But that's small beer. Feeding 40,000 customers at 81 baseball games a year is a daunting prospect, and "I was hesitant to do this; it's not our core business," says Fedele Bauccio, Bon Appetit's chief executive. Although his chefs were accustomed to serving up thousands of meals daily for sophisticated palates, the notion of doing it at a baseball stadium was risky. That's because Bauccio insists that all of the dishes--even the pizza dough--be made from scratch when possible. What's more, while few mind waiting 20 minutes for a meal in a fancy restaurant, ball fans expect to be served and back in their seats before Barry Bonds wallops his next home run. "The Giants told us: `We want to bring up [the quality] four or five levels, and we think you guys can do it,"' recalls Bauccio. "We thought about it a long time and decided it could be fun."
It required ingenuity. Bauccio discovered the salad wraps on a scouting mission to Japan. The hot dogs come from Chicago. "We must have tested 30 to 40 and gone to I don't know how many stadiums," recalls Bauccio. The winning wiener: Big City Reds, picked for taste and texture.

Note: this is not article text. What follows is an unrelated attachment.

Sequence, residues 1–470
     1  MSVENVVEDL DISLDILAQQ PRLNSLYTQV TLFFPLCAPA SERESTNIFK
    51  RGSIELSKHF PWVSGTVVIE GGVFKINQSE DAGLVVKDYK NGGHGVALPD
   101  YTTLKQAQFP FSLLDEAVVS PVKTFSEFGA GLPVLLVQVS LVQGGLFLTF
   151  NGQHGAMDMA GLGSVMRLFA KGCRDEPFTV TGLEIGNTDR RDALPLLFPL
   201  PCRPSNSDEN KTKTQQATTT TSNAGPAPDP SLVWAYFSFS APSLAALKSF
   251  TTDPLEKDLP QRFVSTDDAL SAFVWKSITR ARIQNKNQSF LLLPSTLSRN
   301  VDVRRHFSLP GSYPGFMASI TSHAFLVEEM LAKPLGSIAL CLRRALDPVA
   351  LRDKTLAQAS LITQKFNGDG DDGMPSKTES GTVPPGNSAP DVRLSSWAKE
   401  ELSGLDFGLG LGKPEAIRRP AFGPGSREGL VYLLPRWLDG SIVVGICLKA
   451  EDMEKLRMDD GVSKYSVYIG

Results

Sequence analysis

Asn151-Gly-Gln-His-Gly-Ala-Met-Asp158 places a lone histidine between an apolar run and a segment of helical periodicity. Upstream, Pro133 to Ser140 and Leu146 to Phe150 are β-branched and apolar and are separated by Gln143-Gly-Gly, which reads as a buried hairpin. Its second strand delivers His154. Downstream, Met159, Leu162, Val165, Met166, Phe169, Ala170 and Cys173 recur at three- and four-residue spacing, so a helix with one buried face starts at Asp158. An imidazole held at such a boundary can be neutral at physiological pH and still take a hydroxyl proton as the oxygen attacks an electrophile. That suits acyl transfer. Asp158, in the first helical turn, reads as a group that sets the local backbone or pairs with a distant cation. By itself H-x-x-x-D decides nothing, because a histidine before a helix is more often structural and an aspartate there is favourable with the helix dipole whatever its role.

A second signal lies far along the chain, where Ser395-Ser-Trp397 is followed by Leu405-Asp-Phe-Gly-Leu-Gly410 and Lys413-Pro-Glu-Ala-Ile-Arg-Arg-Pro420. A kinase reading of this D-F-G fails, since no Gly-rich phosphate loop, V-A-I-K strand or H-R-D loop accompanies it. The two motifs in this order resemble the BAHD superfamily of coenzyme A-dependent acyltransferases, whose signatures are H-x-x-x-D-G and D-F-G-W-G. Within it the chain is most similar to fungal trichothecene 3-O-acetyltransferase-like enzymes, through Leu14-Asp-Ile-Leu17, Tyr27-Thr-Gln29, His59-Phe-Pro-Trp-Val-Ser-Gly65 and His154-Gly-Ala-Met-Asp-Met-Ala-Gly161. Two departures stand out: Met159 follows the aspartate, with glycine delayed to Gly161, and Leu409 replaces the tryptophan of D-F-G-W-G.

The team and Bauccio have plenty riding on the upgrading. The Giants estimate that fans in the main seating area will spend $8.50 per head, up from $6 in the old stadium. And customers in the luxury boxes will shell out $20 apiece. Prices haven't yet been released, but Bauccio claims they'll be reasonable. "I know one thing: If it's too expensive, people won't buy it."
The rice cookers and steaming grills at Pacific Bell Park won't be fired up for a few more weeks. But when they are, expect a strange new chant rising from the stands: Pass the cilantro!By Mark Hyman; Hyman, Contributing Editor for Sports Business, Leans toward the Cinnamon-Sugar Soft Pretzels at Baltimore's Camden Yards.; Edited by Timothy BelknapReturn to top